Analyzing student wiki interactions at multiple levels of analysis within an online social network of game design learning: Team, school, and page-level findings.
Big Social Data
Peppo Valetto and I have been working together on what is now called Big Social Data for four years at Drexel; exploring software engineering and technology mediated learning environments. My students, Christopher Mascaro and Alan Black have been focused on the study of Big Social Data in political discourse and culture. Nora McDonald, a new student I am working with, has studied both cultural phenomena on Twitter and virtual organizations on Github with Peppo, Kelly Blincoe and I. Together, we have begun to understand and articulate the ontological, methodological, and theoretical challenges of making sense of Big Social Data. Computation is a critical element of our work; but it is secondary to the theories related to learning, coordination, discourse, information and knowledge construction that we use to frame *how* we make sense of "big social data".
My long standing passion is to have the empirical studies I do inform design. My work with Gerry Stahl, Carolyn Rose and others at the Math Forum at Drexel inform this way of thinking about "Big Social Data" as informing both pedagogical and learning technology design. Principally through Virtual Math Teams and more recently through new collaborations I am beginning with the Math Forum, focused on identifying levels of interest in mathematics as defined by Renninger.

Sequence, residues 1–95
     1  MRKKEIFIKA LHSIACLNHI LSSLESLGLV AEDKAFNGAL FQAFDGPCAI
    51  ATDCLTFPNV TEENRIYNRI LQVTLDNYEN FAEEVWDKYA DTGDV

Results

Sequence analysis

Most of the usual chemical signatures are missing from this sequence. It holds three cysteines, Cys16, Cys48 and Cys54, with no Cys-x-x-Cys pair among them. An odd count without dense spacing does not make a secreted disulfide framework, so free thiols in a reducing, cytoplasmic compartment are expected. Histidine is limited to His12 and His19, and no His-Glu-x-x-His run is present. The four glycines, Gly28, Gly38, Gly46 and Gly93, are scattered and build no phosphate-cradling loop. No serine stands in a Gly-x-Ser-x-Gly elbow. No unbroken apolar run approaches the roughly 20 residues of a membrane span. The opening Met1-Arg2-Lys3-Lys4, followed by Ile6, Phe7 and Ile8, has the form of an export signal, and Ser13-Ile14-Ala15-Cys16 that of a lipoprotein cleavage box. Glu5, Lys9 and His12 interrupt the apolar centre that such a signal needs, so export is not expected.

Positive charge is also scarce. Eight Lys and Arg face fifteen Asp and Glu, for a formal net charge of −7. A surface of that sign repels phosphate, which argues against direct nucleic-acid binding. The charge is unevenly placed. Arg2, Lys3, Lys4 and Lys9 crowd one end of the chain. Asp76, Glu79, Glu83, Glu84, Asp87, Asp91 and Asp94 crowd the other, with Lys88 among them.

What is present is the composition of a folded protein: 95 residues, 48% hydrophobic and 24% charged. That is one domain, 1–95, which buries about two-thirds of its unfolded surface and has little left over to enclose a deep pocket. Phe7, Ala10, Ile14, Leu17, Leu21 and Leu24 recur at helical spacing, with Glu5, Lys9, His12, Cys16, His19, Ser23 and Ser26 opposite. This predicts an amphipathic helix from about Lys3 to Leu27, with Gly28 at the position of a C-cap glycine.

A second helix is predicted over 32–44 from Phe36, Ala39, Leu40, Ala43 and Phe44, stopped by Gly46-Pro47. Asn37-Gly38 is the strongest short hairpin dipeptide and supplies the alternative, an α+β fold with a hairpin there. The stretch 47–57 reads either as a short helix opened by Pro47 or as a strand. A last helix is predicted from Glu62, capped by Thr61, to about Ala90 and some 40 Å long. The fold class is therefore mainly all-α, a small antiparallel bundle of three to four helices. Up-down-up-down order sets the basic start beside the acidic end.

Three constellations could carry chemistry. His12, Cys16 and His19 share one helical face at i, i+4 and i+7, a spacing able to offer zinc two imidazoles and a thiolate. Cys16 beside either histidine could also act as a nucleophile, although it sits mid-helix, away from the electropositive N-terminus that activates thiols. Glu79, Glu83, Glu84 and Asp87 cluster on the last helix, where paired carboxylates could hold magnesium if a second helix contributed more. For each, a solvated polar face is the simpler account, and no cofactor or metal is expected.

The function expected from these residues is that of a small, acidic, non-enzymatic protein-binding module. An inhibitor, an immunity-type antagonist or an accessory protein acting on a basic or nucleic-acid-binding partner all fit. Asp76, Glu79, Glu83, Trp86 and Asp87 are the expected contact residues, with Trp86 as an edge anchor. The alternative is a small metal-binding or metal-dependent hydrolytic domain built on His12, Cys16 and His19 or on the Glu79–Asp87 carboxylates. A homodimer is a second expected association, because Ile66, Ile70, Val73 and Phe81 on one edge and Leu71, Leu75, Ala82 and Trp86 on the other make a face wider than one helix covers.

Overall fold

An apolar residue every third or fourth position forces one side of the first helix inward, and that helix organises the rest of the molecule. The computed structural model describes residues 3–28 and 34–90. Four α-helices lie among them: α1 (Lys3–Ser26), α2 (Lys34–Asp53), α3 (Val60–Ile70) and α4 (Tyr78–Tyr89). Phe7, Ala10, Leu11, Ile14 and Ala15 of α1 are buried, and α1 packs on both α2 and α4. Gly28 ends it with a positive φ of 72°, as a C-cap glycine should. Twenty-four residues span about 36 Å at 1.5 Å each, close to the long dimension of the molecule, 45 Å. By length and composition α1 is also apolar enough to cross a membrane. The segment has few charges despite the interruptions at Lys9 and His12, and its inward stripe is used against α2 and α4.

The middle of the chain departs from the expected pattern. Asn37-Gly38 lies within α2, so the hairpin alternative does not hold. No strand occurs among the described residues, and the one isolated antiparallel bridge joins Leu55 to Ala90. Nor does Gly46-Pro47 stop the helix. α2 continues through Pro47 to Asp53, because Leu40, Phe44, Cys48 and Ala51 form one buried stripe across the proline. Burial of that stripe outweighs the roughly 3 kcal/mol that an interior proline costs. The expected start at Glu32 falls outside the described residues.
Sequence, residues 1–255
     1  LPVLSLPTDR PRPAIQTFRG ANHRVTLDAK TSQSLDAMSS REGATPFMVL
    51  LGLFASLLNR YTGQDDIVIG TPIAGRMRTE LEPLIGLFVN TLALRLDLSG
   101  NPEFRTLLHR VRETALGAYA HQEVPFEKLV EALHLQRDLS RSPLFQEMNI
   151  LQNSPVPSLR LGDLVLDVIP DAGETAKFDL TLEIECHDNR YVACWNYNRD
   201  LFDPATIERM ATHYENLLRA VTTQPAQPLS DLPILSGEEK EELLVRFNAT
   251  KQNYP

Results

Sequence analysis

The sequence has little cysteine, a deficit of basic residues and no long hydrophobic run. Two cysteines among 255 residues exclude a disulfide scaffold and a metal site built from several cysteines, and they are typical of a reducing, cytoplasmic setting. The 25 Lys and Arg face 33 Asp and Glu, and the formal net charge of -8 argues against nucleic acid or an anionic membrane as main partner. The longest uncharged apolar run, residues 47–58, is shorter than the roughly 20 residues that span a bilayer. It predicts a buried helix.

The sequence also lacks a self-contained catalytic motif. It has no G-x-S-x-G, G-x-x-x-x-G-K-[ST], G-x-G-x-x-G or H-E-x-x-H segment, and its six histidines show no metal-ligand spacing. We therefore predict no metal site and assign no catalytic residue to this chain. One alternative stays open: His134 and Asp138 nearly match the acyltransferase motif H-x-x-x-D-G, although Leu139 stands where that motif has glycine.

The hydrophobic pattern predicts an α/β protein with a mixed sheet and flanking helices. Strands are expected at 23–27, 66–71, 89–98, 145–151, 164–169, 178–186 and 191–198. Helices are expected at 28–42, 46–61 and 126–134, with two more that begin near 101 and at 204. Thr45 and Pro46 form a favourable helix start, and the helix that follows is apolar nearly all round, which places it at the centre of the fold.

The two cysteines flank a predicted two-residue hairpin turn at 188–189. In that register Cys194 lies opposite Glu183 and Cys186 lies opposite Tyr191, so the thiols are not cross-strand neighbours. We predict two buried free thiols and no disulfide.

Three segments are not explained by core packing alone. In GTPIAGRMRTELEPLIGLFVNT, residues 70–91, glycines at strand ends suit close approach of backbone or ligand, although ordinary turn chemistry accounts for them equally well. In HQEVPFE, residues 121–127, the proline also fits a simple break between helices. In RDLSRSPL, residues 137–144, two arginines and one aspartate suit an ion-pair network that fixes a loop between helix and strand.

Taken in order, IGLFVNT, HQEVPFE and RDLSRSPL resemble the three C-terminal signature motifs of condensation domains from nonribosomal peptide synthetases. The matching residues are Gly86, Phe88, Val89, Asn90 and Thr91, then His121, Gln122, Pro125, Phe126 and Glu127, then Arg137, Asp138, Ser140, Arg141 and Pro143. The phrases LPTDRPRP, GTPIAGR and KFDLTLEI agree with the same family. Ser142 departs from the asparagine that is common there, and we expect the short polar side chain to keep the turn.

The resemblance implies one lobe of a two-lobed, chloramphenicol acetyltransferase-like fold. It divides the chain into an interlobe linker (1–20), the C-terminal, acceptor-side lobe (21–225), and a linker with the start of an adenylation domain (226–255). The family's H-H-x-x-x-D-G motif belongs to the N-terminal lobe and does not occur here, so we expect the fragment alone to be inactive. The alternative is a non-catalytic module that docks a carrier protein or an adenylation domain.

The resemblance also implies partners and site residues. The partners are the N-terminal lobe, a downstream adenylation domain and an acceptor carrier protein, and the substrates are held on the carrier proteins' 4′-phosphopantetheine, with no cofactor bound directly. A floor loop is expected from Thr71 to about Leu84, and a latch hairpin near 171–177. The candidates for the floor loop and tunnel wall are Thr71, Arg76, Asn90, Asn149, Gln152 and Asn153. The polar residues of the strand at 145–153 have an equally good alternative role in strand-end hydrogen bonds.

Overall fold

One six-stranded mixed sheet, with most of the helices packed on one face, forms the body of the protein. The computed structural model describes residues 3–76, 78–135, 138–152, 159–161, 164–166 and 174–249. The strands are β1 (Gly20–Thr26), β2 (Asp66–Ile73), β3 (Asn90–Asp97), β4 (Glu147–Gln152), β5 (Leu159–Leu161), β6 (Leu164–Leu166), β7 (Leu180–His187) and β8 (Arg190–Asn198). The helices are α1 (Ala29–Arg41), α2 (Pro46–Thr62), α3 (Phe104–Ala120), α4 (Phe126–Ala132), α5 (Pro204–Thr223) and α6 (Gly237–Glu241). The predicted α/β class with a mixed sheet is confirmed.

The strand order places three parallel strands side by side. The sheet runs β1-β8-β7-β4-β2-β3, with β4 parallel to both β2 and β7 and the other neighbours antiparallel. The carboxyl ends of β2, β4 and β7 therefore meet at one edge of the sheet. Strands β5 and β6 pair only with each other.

Big Social Data for Design and Learning
From a design perspective, "big social data" is a way to frame how we make sense of the rich electronic trace data (logs) that are left behind in various learning environments; and then to use those logs to provide useful feedback to people about the learning that is taking place. Partly this is a social theory of learning framing, which is what my 2009 dissertation examines. In the four years since that once in a lifetime (for me) project, the scope of my inquiry has expanded to fields of software engineering, social media, computational linguistics, "big data" and virtual organizations. Furthermore, I have taken up projects focused on workplace learning and rural outsourcing firms that train their own workers. Why? Simply put, there is not enough signal solely in the study of how people learn in traditional, school focused contexts to identify the design ideas that are likely to push learning technology design forward to a breakthrough.
This is a hands on course where the technical tools are vehicles for expression and design of systems; not the goal of the course. With that in mind, and the help of Ben Toll, the core setup items you will need for the course are described here. Please get everything going on your own computer before the course begins. Email me with questions. You will need the following (clicking on each link will either start a download, or take you to a page where you can select a download):
Follow these steps in SEQUENCE!